Renee loves incongruities in her designs. The buffalo check feels like an appropriate reference to street wear and we love the pants, but the tuxedo jacket is just a bit far out from the rest of the elements.
The judges are clearly in love with Sebastian if they felt they could wave this disaster by without comment. It’s horrifyingly bad.
If that skirt had been turned into a pair of wide-legged pants, this could have been a contender for the win. Which reminds us, for all the complaints viewers have about one-day challenges, the fact remains that good designers can turn out fairly amazing work in that short a period of time. There were some clunkers on that runway, but it wasn’t a parade of half-made designs.
She tried to meld her all-black minimalism with streetwear tropes and we’d say she accomplished that pretty well, but it was never going to be in the top simply because all-black minimalism is a bad starting point for streetwear.
The other real disaster of the episode. We suppose we can understand why he wasn’t sent home for this because he clearly had some ambitious plans and showed some interesting techniques and elements in the design. Still, an Elizabethan tea party aesthetic was never going to work and he should’ve listened to the people trying to tell him that.
Rakan’s going to go home sooner rather than later; not because he’s a bad designer but because he’s a stubborn one. He waves off all criticisms or critiques and tends to treat everyone who gives him one as a fool who doesn’t understand his brilliance. There are things to like about this look, but it has nothing to do with the challenge and gives the impression he can’t step outside his design box an inch.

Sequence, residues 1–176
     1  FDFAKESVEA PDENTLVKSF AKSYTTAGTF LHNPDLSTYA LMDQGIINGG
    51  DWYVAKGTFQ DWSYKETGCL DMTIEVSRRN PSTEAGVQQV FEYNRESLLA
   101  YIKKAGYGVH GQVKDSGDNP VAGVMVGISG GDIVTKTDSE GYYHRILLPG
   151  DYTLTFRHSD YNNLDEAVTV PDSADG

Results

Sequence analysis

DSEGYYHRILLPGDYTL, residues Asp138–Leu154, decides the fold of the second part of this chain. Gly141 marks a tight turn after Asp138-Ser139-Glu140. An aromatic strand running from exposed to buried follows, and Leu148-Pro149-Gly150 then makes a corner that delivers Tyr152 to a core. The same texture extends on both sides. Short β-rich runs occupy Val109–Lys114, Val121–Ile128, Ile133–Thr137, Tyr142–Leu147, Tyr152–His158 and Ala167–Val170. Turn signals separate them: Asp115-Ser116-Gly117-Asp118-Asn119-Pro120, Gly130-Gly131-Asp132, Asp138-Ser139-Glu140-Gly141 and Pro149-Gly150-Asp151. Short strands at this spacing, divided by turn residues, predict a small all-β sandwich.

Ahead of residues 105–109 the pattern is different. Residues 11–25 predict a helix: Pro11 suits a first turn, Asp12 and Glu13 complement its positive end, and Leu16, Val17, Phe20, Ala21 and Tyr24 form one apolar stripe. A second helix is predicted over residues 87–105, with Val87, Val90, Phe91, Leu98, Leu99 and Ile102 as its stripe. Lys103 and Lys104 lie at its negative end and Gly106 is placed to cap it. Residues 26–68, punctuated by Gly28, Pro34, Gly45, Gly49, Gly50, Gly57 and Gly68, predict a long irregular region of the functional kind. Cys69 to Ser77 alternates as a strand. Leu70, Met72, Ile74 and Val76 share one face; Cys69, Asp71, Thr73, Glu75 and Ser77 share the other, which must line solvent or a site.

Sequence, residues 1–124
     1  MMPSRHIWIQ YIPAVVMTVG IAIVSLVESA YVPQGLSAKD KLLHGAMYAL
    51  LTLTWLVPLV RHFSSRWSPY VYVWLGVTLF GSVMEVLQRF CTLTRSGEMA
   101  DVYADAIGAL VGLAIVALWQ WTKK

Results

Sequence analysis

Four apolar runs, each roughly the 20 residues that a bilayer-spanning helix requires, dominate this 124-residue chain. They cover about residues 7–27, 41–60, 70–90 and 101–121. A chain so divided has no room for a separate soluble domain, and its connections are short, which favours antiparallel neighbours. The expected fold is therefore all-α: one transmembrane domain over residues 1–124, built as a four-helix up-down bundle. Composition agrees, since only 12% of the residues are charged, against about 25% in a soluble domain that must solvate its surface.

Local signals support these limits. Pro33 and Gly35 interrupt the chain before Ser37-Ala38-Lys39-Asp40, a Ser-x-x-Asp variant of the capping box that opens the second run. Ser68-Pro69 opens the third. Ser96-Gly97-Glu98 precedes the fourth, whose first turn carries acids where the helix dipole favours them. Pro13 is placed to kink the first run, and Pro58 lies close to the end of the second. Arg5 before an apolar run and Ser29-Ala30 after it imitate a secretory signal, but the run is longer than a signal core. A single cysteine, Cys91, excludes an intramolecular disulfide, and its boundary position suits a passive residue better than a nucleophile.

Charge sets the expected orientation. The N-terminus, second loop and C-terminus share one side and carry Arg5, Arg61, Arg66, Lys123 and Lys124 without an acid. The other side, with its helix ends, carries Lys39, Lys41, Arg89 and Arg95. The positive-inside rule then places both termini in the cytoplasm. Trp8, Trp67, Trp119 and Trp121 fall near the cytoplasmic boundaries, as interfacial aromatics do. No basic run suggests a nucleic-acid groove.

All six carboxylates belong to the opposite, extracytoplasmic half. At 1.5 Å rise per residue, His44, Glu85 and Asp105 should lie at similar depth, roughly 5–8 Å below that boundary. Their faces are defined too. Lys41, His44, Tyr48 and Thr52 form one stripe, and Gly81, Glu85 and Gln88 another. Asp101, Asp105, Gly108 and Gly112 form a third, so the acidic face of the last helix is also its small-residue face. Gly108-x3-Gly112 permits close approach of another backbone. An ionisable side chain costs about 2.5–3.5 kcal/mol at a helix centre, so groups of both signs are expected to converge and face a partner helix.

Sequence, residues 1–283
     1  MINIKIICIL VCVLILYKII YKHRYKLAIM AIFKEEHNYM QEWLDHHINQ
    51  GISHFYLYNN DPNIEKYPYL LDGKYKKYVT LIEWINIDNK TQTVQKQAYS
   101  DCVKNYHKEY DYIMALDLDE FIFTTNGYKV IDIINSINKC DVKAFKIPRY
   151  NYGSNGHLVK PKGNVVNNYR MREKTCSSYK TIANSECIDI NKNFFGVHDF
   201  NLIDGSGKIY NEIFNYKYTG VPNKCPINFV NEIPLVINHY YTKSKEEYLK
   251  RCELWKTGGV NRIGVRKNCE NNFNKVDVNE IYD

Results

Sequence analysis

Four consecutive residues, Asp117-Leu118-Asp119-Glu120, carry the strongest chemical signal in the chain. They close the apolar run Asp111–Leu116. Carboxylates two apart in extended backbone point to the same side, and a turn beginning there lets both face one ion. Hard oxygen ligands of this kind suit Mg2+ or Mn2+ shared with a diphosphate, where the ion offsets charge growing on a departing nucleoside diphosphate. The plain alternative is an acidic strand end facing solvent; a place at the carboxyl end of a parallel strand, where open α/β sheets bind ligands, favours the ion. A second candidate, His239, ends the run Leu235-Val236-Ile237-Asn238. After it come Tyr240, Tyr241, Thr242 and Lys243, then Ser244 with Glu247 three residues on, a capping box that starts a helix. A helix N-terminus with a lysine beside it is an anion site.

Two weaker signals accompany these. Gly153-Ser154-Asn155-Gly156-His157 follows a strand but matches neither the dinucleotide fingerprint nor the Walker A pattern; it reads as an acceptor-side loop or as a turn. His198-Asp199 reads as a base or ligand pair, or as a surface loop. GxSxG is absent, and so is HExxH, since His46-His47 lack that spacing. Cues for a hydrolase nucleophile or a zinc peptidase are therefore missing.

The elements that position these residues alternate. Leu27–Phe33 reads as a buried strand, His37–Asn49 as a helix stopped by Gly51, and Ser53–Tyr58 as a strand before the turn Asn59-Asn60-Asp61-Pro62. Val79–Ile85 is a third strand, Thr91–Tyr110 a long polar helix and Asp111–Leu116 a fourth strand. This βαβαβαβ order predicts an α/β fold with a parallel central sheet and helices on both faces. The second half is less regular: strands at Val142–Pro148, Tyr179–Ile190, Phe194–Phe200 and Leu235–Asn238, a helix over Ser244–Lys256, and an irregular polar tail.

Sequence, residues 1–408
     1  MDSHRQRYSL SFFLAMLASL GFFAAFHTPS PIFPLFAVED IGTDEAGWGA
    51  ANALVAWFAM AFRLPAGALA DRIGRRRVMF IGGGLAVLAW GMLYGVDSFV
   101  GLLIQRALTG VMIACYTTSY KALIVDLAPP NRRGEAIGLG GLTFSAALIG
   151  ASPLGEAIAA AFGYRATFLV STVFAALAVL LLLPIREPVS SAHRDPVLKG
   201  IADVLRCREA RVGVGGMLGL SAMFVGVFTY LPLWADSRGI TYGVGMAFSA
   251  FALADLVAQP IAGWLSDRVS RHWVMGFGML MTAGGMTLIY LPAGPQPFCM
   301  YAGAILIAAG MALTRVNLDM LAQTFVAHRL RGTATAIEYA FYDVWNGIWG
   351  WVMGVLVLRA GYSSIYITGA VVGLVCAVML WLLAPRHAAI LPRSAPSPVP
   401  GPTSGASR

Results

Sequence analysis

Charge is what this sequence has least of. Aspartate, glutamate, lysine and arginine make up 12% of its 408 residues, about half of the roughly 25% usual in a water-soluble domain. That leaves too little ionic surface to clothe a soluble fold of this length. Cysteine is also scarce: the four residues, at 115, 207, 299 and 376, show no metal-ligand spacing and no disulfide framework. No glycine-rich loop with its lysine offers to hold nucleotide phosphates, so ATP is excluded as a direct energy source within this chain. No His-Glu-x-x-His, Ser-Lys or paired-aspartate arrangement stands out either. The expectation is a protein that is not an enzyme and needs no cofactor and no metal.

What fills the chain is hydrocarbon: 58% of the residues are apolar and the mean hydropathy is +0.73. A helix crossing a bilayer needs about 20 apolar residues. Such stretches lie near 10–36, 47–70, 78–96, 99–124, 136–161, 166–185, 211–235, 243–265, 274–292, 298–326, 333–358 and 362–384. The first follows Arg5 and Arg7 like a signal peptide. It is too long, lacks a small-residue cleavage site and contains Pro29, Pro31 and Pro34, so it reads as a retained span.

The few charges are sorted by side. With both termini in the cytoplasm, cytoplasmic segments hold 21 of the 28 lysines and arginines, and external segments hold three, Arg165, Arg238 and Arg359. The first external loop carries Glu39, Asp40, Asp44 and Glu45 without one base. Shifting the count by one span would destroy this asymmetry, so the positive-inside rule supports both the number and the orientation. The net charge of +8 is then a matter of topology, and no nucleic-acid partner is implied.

Ooof. We were not sorry to see him go. The constant crying and woe-is-me-ing had gotten old a while back. The sniffling and nose rubbing over the loss of his “good friend” (of about ten days) Afa – and the attempt to use that as an excuse for his poor work – was reason enough to show him the door. But we think the judges sent him packing because this design is just a big pile of poorly executed nothing. At least Jamall and Rakan had a point of view to their pieces.
Garo finally gets to step up and show the judges what he’s been saying all along he could do. Like Christian, we thought the choice of tweed was highly questionable, but he pulled it off. Those pants are great and the corseted waist pulls the whole look together (pun unintended).
Really great work from Venny this week. As soon as he said his inspiration was a sneaker it all made perfect sense. It’s styled to perfection and it feels very fresh and of-the-moment. The only reason this didn’t win was because one other designer managed to out-do him.
This look had us both doing something we haven’t done in more years than we can count: we were shouting “OH YES” as it walked the runway; excited to see an effort so well-executed, so of-the-moment, and so ready to walk an actual runway. He nailed this one hard, offering the best look of the season so far.
[Photo Credit: Karolina Wojtasik/Bravo, BravoTV]